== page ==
Cookbooks might be my secret passion. My Amazon wishlist is 90% cookbooks and 10% obligatory items like scarves, cooking utensils, and earrings. I'm not sure what I love more, owning them or finding gems in the stacks at the library. As for my books, I will never relinquish my copies of Mastering the Art of French Cooking, PLENTY, my late grandmother-in-law's Belgian cookbook collection, Flour Water Salt Yeast, or Williams Sonoma Weeknight Cook. As a matter of fact we recently went through a whole house purge and I think I got rid of one cookbook, and it was for how to cook for an Atkins diet. Clearly that should be given to someone who does not currently have a pasta machine in their Amazon shopping cart. 

All in all, I love cookbooks in all shapes and sizes. 1960s aspic filled cookbooks, vegan hipster quinoa kale salad books, bread making, cheese making, Nigella, Ottolenghi, Smitten Kitchen, Good Eats, you name it, I will love it. I hope you do too. 

Hungary Dishes

For Hungary I perused a number of books, but Flavors of Hungary by Charlotte Slovak Biro was the clear winner. I found a lot of little gems in this cookbook. Including lovely recipes for Chicken, Potatoes, and Peas. A perfect trifecta in my world. 

Paprika Potatoes

Paprika Potatoes (Paprikas Krumpli)

Adapted from Flavors of Hungary by Charlotte Slovak Biro

1 onion, diced
3 tablespoons butter
1 tablespoon Hungarian paprika
6 medium sized potatoes, washed and chopped
½ green bell pepper, sliced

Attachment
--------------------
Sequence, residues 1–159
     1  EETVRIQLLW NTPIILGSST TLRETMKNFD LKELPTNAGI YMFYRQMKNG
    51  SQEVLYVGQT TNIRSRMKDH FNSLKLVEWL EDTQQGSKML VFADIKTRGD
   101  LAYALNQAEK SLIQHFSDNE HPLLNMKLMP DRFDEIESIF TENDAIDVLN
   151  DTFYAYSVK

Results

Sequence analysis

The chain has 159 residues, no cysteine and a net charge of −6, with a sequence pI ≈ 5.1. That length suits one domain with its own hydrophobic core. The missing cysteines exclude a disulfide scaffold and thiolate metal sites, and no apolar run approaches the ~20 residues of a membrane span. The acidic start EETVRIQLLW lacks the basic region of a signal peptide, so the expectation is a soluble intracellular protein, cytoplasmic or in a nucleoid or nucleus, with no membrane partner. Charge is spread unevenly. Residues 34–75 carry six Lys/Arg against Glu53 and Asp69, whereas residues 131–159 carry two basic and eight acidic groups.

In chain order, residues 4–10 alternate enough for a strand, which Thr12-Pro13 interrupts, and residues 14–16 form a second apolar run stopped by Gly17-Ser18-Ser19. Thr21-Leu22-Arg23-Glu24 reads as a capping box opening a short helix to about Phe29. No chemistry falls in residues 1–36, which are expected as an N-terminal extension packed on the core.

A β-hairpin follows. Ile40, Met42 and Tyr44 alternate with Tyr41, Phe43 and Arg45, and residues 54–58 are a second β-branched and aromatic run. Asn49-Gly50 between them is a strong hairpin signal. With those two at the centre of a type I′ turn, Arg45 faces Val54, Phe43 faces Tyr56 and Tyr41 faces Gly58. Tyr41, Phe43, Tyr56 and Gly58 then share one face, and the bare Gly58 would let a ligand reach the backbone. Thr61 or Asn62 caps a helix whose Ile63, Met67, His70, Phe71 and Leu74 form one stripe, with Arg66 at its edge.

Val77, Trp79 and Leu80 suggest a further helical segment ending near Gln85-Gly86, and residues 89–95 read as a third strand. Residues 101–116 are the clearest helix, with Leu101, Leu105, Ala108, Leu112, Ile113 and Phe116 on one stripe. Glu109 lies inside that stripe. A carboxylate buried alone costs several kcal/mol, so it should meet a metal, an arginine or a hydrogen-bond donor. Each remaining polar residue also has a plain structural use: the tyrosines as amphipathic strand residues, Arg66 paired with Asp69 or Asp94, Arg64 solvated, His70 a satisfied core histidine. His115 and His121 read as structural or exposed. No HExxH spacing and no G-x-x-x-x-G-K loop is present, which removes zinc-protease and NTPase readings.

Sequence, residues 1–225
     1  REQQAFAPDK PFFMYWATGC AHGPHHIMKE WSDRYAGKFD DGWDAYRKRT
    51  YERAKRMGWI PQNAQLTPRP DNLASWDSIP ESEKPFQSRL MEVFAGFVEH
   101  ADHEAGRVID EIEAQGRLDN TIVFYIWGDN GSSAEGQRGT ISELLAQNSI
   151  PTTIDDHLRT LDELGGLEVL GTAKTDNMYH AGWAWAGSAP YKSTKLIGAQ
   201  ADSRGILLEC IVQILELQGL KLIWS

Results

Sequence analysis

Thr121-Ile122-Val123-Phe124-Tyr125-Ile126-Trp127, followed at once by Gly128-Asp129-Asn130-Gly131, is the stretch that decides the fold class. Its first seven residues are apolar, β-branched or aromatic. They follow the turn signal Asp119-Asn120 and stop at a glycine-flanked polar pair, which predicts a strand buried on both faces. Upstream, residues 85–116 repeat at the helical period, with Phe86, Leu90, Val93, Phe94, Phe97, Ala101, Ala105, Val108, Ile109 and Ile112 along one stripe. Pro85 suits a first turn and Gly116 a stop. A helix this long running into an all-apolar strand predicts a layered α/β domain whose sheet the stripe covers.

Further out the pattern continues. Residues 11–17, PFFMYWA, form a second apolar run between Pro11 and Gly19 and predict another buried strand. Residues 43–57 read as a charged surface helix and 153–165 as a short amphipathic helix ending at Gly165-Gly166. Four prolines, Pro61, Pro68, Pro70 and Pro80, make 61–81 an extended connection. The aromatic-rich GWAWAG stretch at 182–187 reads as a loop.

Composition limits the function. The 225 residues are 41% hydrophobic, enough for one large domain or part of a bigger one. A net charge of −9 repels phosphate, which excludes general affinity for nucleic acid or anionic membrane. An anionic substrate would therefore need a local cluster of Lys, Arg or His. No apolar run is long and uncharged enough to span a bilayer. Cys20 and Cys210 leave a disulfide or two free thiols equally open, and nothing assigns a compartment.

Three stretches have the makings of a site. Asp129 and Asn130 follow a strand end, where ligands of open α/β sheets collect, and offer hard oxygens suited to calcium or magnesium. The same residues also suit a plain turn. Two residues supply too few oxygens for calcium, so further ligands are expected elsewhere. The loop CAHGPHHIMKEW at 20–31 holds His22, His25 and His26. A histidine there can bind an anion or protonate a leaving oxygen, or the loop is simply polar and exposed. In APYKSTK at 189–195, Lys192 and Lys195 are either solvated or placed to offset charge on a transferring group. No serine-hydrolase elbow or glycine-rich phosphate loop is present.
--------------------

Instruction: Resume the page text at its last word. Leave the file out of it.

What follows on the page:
1 tomato, sliced
salt to taste
1 cup water

Sauté the onion in butter, until transparent. Add paprika, potatoes, green pepper, tomato, salt, and water. Simmer 30-40 minutes or until potatoes are tender; don’t stir, but shake pan occasionally.


Green Peas (Zold Borso Fozelek)

Adapted from Flavors of Hungary by Charlotte Slovak Biro

10 ounces frozen peas
¼ cup hot water
½ teaspoon salt
1 teaspoon sugar
1 ½ tablespoons finely chopped parsley
2 tablespoons butter
2 tablespoons all purpose flour
1 cup chicken broth

Boil peas 10 minutes in a covered saucepan with water, salt, and sugar. Add parsley and butter and simmer slowly until peas are tender. Sprinkle with flour and add chicken broth. Stir constantly until thick.

Mixed Greens with Horseradish Dressing

This recipe intrigued me as not only it sounded like a great foil to the richness of sausages and potatoes, but also as a great reason to buy fresh horseradish for the first time! I was surprised at not just the complexity of flavor in this dressing, but how versatile it felt. It was admittedly a bit of work grating fresh horseradish, I have my husband to thank for that tough bit of the job. But after that its as easy as shake, mix, eat. 

Salad with Horseradish Dressing

Mixed Green Salad with Horseradish Dressing

Adapted from Saveur

For the Dressing
1⁄2 cup freshly grated horseradish
1⁄3 cup canola oil
2 1⁄2 tbsp. fresh lemon juice
1 tbsp. finely chopped parsley
1 small shallot, minced
2 tsp. Dijon mustard
Kosher salt and freshly ground black pepper, to taste

For the Salad
6 cups mixed salad greens
3⁄4 cup radishes, thinly sliced
1/2 English cucumber, sliced
1 avocado, peeled and cubed

1. Whisk together oil, juice, parsley, shallot, mustard, and salt and pepper. Add in horseradish in stages, start with half and combine well, taste. Add more as your taste allows. Set aside to allow flavors to meld.

2. Place salad greens in a large bowl, add dressing and toss gently to combine. Top with radishes, cucumber, and avocado.

German meal